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- Abel Tasman National Park Coastal Track
Abel Tasman National Park Coastal Track
|Location: Northern tip of the South Island|
|Nearest Town: Kaiteriteri Beach - water taxi leaves from here|
|Nearest City: Nelson: 83km / 52miles, 1 hour 30 mins|
|Length of tramp: 15.7 km / 9.8 miles|
|Time needed: 5½ hours not including breaks|
|Route: One way|
|Elevation: Sea level to 150 metres|
|Wet Feet: Yes|
|Toilets: Yes - flushing|
|Mobile phone coverage: Yes|
|Date this tramp was last walked: January 2007|
|Track quality: Good firm walking surface. Wide track. Can be easily walked in sandles. Heavy boots not required.|
|Shops/restaurants: At Kaiteriteri Beach|
|Petrol station: At Kaiteriteri Beach|
Tidal - crossing estuary. You can only cross into Onetahuti Bay 3 hours either side of low tide there is no other track. If you miss the tide you could lose a whole day. Check tides before you leave. See chart below.
|Transport: Buses from Nelson & Motueka all year round|
|Water: Purified drinking water only at Anchorage, Barks Bay, Awaroa Bay, Toaranui Bay and Whariwharangi Bay. The rest have tap water which must be boiled or filtered before drinking.|
|Driving Instructions: From Nelson get onto State Highway 6 to Richmond. Follow the signs to Motueka & Collingwood on Highway 60. Once you are in Motueka keep driving north on State Highway 60 straight through town for 7.8km. On a very sharp hard left hand corner Kaiterteri Rd runs off to the right. Be very careful turning to the right on this corner. It is well sign posted. It's only a 5.5km drive to Kaiterteri.|
|Camping on track: Huts and camp sites must be booked in advance from the Department of Conservation (DOC). Maximum of 2 nights stay in each hut. There are 4 huts on the walk and 20 camp sites. Huts are equipped with bunks and matters flushing toilets and heating. No stoves in huts, take your own. Carry out your rubbish.|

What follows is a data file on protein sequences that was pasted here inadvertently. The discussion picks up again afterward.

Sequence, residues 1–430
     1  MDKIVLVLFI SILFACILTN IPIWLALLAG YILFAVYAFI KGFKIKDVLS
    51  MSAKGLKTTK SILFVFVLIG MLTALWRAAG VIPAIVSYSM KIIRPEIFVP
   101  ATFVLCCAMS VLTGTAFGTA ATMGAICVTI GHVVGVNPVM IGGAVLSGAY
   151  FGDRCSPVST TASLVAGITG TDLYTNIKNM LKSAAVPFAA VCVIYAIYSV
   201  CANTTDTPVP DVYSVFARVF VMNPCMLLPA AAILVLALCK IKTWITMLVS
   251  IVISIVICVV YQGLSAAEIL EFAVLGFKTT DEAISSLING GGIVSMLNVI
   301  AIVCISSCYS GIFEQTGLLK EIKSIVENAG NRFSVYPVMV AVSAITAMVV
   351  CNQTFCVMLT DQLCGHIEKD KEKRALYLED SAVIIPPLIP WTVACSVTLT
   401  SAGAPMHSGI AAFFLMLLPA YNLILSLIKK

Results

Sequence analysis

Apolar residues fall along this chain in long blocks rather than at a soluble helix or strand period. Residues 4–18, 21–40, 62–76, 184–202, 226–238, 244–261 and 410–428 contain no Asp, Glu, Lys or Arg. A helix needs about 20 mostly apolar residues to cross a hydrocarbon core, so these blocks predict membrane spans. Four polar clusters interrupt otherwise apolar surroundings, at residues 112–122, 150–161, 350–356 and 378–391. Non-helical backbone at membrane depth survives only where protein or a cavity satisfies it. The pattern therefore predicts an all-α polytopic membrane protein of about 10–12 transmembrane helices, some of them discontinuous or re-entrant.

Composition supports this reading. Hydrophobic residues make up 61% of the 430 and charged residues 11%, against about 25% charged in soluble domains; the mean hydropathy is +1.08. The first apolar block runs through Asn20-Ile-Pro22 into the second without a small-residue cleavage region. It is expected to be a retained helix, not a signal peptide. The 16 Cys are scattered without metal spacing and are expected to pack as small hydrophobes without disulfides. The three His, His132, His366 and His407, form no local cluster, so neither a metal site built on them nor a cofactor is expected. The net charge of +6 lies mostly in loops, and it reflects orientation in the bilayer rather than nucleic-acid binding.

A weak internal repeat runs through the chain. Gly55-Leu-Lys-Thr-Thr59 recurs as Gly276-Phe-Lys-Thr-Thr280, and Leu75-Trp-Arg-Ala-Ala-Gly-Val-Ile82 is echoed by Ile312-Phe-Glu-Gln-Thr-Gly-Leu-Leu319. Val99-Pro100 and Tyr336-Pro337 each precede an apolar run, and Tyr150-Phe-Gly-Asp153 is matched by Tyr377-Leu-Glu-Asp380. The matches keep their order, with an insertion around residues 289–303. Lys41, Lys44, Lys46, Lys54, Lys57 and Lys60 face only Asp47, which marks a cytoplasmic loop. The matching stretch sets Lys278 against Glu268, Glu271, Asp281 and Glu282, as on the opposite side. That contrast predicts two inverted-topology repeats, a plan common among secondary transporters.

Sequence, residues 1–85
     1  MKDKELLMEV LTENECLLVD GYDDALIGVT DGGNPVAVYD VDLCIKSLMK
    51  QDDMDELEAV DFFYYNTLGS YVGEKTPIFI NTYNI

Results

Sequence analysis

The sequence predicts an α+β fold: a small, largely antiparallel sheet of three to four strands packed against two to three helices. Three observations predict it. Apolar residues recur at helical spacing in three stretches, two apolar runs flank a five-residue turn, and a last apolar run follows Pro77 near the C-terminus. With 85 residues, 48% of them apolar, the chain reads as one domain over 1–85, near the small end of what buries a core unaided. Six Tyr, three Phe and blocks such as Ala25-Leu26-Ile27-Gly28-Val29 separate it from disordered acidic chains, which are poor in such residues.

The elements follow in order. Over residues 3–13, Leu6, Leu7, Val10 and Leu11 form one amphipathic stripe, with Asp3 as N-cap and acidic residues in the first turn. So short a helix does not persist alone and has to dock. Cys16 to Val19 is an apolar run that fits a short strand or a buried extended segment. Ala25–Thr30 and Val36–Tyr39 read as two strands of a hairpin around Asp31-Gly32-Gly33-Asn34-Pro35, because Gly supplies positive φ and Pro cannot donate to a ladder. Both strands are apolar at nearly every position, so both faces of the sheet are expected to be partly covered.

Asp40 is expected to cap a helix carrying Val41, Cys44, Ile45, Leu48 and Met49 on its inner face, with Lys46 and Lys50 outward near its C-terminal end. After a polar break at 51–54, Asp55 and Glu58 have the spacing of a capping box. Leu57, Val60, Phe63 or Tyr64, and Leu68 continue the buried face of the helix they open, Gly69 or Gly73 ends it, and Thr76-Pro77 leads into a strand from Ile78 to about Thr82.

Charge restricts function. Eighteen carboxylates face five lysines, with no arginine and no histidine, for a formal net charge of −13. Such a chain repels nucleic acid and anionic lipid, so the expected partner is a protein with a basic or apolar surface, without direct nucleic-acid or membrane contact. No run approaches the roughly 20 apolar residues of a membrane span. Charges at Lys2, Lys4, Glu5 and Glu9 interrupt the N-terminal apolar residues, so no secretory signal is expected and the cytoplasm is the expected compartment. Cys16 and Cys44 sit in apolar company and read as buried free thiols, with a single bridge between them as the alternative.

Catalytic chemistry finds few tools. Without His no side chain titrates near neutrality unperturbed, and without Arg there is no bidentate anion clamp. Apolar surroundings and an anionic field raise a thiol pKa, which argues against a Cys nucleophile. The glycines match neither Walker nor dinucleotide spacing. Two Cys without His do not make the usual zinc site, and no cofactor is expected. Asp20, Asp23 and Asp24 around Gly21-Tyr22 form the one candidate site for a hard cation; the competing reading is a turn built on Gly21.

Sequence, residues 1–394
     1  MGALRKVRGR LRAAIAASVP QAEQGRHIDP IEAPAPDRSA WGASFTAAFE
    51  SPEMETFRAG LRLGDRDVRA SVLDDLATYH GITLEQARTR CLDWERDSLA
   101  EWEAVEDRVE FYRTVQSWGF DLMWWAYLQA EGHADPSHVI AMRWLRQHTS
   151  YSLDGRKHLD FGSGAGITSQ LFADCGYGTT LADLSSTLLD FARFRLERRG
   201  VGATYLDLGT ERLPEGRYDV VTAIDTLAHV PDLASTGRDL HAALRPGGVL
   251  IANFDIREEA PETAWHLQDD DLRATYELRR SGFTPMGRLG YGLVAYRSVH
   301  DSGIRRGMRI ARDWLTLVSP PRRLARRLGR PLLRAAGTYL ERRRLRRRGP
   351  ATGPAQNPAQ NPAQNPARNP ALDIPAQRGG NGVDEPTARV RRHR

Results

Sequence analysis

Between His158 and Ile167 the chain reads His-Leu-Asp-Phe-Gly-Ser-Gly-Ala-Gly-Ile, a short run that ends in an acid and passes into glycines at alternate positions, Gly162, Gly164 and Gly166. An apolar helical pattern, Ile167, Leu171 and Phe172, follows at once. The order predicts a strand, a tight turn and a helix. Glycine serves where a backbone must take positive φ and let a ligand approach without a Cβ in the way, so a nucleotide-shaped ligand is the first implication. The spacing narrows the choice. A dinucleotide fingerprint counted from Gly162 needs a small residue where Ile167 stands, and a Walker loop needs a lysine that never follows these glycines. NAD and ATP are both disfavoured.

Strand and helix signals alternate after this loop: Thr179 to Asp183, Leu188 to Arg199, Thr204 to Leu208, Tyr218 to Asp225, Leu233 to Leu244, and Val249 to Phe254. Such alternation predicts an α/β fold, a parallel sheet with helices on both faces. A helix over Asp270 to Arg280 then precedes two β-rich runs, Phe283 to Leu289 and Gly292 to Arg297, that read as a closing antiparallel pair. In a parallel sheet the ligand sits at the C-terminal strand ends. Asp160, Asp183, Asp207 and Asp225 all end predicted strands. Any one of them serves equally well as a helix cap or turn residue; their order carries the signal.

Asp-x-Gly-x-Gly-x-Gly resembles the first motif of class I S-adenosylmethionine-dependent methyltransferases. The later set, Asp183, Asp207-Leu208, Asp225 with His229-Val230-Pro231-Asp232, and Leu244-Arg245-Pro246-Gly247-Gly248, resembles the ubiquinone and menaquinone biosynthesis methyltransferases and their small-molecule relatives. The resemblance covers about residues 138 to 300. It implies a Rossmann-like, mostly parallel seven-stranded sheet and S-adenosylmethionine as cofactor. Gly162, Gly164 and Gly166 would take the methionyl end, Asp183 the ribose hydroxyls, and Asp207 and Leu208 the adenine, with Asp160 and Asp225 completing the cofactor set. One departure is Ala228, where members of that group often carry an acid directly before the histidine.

|Track highlights: Spectacular golden sand beaches, crystal clear water lagoons, awesome coastal views, seals and dolphins on the water taxi|
|Area & Track History:
Opened in 1942 after the great sailor Abel Tasman. This is New Zealand’s smallest national park at 23,000 hectares. The full track is 52 km long and can be walked in 3 -5 days and is suitable for families. The coast line is popular for sea kayaking as well.
|Here are the full track times:
Marahau to Anchorage 3 hours - 11.5km
Map of Abel Tasman National Park Coastal Track :
This is a dynamic map. You can zoom in and out using the "+" and "-" buttons, drag the map to see surrounding areas and click on the flags to see each position on the map
Detailed track description for
Abel Tasman National Park Coastal Track:
Start - Awaroa Lodge to Onetahuti Camp, Tonga Bay
At the bottom of the track, is the tricky part. If you have not timed the tides right you could be sitting there for hours waiting for the tide to go out far enough for you to cross safely. We were lucky, we didn’t realise we had to be so careful with the tides so we only got wet up to our knees.
After crossing over the estuary onto the beach, we took off our sandals and walked bare foot along the beach to Onetahuti Camp. We were amazed at how many people were walking the track, but I guess it will be at this time of the year. We were fascinated by the 100’s of fish swimming up and down right on the waters edge. What we thought was a big patch of seaweed seemed to be drifting 2 to 3 metres out from the waters edge in the same direction as we were travelling, but hang on there was no current. After wading out into water we were excited to see we were being followed by a stingray!
Point 7 - Onetahuti Camp to Bark Bay
1H 40Min = 4.3K
The track starts from the southern end of the beach. After 3 minutes of walking you can look back and get a fantastic view of the Onetahuti Camp and beach. From here it is a very easy 15 minute walk to Tonga quarry with fantastic costal views. A couple minutes short of Tonga Quarry you can look down onto the beach.